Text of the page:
Sustainable growth among the biggest, most persistent challenges for businesses
Is your business sustainable? We’re not talking about your company’s eco awareness and its impact on the environment. As important as that may be to you or your audience, I’m instead concerned about your sustainable revenue growth.
Sure, studies have shown there’s a potential revenue benefit to going green.
Yet, if your company doesn’t have a business model and strategic plan that is revenue growth sustainable, then turning off the lights when you leave the bathroom won’t help much.
Sustainable growth is among the biggest challenges businesses face and it isn’t a new problem. Statistics vary, however there’s one persistent reality -- if you haven’t created a scalable and repeatable business model, you’ll struggle to grow.
It’s the difference between taking two steps forward and then three steps back versus having steady and predicable growth. Signing up a few customers a month only to lose 15 to 25 percent of the customer base every year isn’t exactly ideal.
But, successful buyer retention is only a small part of what business sustainability is.
Tesla doesn’t seem to have any trouble attracting new customers, yet since the year of its IPO in 2010, the company raised $19 billion in capital and produced negative cash flow of $9 billion. That’s what happens when you combine a massive cash burn with gigantic capital investments to fund upcoming projects.
Whoa, that’s nowhere close to a sustainable business model!
Unless you have Tesla’s ability to persuade investors to dump billions into the company, you’ll need a more solid game plan.
A framework for generating revenue. Every company from startups to billion-dollar enterprises needs a clear-eyed business strategy with a heavy emphasis on its revenue model. The starting point is to identify which revenue sources to pursue -- the narrower the better, otherwise you’ll get out-of-focus quickly. Then include the value you offer to specific target segments, along with how to price and sell your product or service to fit the value. Finally, create an actionable roadmap for the future that is specific, measurable, and attainable. This is your “success beacon” from which all decisions are made. Once you have a well-defined revenue model, it’s much easier to fund operations, establish marketing plans, and generate steady growth and profitable revenue.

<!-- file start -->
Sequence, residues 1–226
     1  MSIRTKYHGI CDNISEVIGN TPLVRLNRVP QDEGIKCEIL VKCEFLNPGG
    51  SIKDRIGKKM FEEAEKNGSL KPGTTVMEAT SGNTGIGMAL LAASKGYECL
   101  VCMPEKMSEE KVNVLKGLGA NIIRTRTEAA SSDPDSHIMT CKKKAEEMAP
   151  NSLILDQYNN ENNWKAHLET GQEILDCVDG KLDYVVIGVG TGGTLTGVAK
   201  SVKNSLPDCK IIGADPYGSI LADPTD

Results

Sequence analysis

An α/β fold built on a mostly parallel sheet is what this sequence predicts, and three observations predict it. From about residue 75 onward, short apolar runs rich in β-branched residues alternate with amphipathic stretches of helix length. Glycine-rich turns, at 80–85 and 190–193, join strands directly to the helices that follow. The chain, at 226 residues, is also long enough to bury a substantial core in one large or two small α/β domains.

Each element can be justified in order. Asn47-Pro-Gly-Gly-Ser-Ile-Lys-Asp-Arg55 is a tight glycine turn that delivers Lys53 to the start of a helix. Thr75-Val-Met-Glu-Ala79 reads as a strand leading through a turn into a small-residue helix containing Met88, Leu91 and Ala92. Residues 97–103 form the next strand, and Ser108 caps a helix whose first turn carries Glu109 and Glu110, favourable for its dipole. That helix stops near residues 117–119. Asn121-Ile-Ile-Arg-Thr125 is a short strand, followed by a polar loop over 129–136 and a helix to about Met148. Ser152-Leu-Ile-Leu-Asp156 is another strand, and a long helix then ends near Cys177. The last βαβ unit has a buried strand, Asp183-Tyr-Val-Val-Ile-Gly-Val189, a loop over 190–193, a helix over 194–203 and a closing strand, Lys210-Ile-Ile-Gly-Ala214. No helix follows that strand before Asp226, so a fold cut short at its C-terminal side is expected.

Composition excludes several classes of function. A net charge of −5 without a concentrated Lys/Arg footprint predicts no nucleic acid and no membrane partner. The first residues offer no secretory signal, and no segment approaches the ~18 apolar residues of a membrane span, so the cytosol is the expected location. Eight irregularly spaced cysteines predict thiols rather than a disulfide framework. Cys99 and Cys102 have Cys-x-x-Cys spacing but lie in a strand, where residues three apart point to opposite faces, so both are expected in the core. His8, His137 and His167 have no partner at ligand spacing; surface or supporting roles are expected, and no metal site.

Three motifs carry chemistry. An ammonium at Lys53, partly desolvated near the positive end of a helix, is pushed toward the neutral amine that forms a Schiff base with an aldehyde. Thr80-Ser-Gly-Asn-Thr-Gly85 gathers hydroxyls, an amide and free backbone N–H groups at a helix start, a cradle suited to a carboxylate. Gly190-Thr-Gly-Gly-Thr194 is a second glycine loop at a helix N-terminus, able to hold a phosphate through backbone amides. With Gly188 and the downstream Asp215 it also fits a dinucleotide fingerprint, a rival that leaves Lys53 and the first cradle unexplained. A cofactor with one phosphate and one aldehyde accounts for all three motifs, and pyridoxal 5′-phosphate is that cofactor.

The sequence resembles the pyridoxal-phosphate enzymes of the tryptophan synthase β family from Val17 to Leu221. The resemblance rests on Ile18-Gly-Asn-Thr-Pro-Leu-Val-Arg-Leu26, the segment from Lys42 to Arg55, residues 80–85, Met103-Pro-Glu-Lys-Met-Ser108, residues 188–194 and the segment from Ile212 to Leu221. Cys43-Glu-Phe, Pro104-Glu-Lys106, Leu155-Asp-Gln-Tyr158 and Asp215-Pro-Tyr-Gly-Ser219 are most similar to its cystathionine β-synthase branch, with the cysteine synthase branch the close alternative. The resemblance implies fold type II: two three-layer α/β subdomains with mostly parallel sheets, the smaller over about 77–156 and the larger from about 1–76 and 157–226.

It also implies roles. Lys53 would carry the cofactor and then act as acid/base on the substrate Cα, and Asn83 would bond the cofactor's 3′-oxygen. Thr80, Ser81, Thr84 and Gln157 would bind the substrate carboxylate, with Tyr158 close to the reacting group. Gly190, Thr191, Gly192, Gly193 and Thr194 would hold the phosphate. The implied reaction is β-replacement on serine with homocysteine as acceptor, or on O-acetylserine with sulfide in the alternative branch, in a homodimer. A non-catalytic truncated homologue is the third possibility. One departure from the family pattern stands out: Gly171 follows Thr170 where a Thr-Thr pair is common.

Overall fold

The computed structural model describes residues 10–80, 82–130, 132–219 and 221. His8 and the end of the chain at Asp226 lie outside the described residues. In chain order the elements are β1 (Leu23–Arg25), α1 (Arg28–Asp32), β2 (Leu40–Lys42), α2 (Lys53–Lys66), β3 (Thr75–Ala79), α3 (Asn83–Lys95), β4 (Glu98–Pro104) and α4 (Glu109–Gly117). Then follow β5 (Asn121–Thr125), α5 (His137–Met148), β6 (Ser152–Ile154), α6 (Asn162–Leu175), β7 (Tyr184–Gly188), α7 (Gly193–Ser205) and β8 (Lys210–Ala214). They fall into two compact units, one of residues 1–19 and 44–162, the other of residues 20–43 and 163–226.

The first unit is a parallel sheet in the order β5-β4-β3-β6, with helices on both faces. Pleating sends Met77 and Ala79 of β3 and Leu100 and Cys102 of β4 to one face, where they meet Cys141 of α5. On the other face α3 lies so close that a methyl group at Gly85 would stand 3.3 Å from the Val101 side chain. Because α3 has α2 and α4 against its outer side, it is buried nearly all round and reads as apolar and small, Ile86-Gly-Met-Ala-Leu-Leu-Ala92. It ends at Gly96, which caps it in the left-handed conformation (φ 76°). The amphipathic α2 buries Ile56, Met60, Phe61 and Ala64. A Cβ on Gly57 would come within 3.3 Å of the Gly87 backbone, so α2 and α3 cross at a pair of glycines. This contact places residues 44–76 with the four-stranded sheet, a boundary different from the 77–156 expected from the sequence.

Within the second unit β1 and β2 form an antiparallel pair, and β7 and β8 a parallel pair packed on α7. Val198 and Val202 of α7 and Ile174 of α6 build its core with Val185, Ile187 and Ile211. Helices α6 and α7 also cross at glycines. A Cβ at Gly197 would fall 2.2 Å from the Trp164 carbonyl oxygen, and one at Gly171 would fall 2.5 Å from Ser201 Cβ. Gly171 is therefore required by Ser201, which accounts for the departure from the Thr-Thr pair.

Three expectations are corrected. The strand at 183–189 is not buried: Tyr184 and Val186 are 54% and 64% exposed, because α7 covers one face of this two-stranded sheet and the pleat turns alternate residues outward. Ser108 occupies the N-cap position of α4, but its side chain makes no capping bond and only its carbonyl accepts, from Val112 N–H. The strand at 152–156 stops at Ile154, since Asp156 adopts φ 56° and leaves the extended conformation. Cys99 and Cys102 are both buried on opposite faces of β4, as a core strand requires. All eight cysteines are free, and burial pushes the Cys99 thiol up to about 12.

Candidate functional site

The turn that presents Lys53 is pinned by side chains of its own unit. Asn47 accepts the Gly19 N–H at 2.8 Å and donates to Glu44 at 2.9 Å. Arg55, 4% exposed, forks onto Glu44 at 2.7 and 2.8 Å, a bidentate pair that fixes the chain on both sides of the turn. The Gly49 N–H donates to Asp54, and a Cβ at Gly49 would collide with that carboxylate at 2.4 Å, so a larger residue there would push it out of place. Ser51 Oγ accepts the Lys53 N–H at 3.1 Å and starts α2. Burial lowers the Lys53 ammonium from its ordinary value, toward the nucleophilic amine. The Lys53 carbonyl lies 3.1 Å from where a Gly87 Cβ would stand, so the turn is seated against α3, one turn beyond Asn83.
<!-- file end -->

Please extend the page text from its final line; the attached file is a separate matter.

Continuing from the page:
Operations need to match the business strategy. Companies tend to fall into two broad operational models; slash and burn the expenses or as in Tesla’s case, spend like crazy. Attaining current and future goals requires balance and a strong dose of reality. Your business strategy and revenue model are the guiding principles. Develop an operating model that you can manage and make decisions based on that -- all centered on your framework for generating revenue. As an example, Costco’s strategy is to attack the market as a no frills, stack ‘em high retailer with low margins and very high volumes. So, it makes sense for them to operate out of huge basic warehouses with pallets stacked high, keeping expense in check. But, they’re not cheap and spend within the scope of their revenue model to promote their brand and provide first-rate customer service.
Have a repeatable sales model. Let’s agree that revenue generation built on converting random cold calls into prospects and then customers may be repeatable, but it’s not a workable long-term solution. To create a sustainable business, develop and implement sales practices and processes that are successfully deployed again and again at greater scale. Do this by understanding how your target customers buy and the journey they take to get there. Now mirror the buying journey as a series of selling actions, then serve up the call-to-action and marketing tools that match. Now it’s much simpler to add new hires that are easily plugged into your system and tweak the process as needed without disruption. The result is that you can increase the sources of your customer leads on a consistent basis and improve the conversion rate. The bonus is that revenue that can be consistently forecast.
A business that grows too slowly will stagnate and eventually cease to exist. It’s just not sustainable.
Steadily growing a business for profit requires the right mix of an overall strategy with a scalable operating model and a repeatable selling model.
What's your strategy for generating sustainable revenue?
Ron Stein is founder of More Customers Academy, helping business leaders build strategic messaging and positioning that cuts through the competitive noise to grow revenue. Ron has developed his own highly successful 5-step Stand Out & Sell More approach to winning new customers as a result of his twenty-five years of business development, marketing, and selling experiences. He works with a range of businesses, from startups to large corporations across industries including technology and healthcare, manufacturing, and financial services and banking. Ron conducts workshops, leads company meetings, offers keynote talks, and consults. He can be reached at 727-398-1855 or by email.